The Cortex Club is excited to presents Prof Madgalena Sauvage, from the Leibniz Institute of Neurobiology, Ruhr University Bochum, who, as part of the DPAG Head of the Department seminar series,  will be talking to us about her work on information processing in the medial temporal in the context of memory. Please join us on February 8th at the Large Lecture Theatre, located in the Sherrington Building of the Department of Physiology, Anatomy and Genetics.

We are hosting a Q&A session after the talk from 2.00 to 3.00 to which students and staff are warmly invited.

 

 

Abstract

Although the contribution of the hippocampus to episodic memory is well-established, much remains to be known about the network mechanisms underlying memory retrieval at this level and the specific involvement of each hippocampal subfield in this process. I will present recent data based on activity-dependent gene mapping, optogenetics and behavioral techniques showing that dissociating CA1’s from CA3‘s contribution and the contribution of their proximal from that of their distal parts, are essential for a better understanding of spatial and non-spatial information processing in the medial temporal lobe for recent (few min) to very remote (1 year-old) memories (Nakamura et al, J. Neurosc., 2013; Lux et al, Elife, 2017; Beer and Vavra, Plos Biology, 2018).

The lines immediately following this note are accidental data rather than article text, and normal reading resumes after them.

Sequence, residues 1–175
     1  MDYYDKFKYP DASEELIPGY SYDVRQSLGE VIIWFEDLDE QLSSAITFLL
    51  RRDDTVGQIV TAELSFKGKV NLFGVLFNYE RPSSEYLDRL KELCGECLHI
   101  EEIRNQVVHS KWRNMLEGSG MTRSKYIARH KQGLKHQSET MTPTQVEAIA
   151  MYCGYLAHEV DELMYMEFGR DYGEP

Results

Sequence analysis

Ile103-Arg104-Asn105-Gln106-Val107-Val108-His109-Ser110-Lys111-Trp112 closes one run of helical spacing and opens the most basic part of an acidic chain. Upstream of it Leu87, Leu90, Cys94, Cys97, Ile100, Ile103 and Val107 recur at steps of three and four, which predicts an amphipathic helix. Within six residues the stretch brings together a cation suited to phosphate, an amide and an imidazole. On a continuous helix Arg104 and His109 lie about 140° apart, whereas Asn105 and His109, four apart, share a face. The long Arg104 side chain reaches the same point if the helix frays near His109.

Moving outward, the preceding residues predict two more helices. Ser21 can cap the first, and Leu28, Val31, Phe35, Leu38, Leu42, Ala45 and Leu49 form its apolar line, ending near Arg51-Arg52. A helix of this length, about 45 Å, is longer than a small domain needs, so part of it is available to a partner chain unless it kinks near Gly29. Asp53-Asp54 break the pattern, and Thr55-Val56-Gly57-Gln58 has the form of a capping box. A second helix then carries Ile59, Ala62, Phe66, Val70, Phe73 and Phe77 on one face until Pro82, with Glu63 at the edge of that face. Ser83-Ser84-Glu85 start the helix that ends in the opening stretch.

Workshop: Two-Photon Microscopy

Technical workshop on the function and utility of two-photon microscopy in neuroscience

Tuesday 5 February, Tuesday – 3pm at the OCGF Seminar Room, DPAG/Sherrington Bldg

The Cortex Club is excited to host a workshop on Two-Photon Imaging in Neuroscience, led by Dr Adam Packer, Sir Henry Dale Fellow at DPAG, Oxford.